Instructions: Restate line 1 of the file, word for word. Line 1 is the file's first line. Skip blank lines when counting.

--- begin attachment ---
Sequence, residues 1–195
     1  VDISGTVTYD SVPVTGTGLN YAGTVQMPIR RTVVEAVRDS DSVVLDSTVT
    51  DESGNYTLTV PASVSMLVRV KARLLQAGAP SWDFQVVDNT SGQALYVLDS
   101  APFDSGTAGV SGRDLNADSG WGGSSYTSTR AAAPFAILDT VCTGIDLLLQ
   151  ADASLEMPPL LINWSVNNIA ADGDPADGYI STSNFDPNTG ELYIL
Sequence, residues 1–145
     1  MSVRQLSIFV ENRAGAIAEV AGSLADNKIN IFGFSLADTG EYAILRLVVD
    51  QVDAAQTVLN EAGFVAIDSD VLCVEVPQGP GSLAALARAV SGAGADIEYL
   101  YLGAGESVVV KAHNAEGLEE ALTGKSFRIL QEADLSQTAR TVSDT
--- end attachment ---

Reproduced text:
Sequence, residues 1–195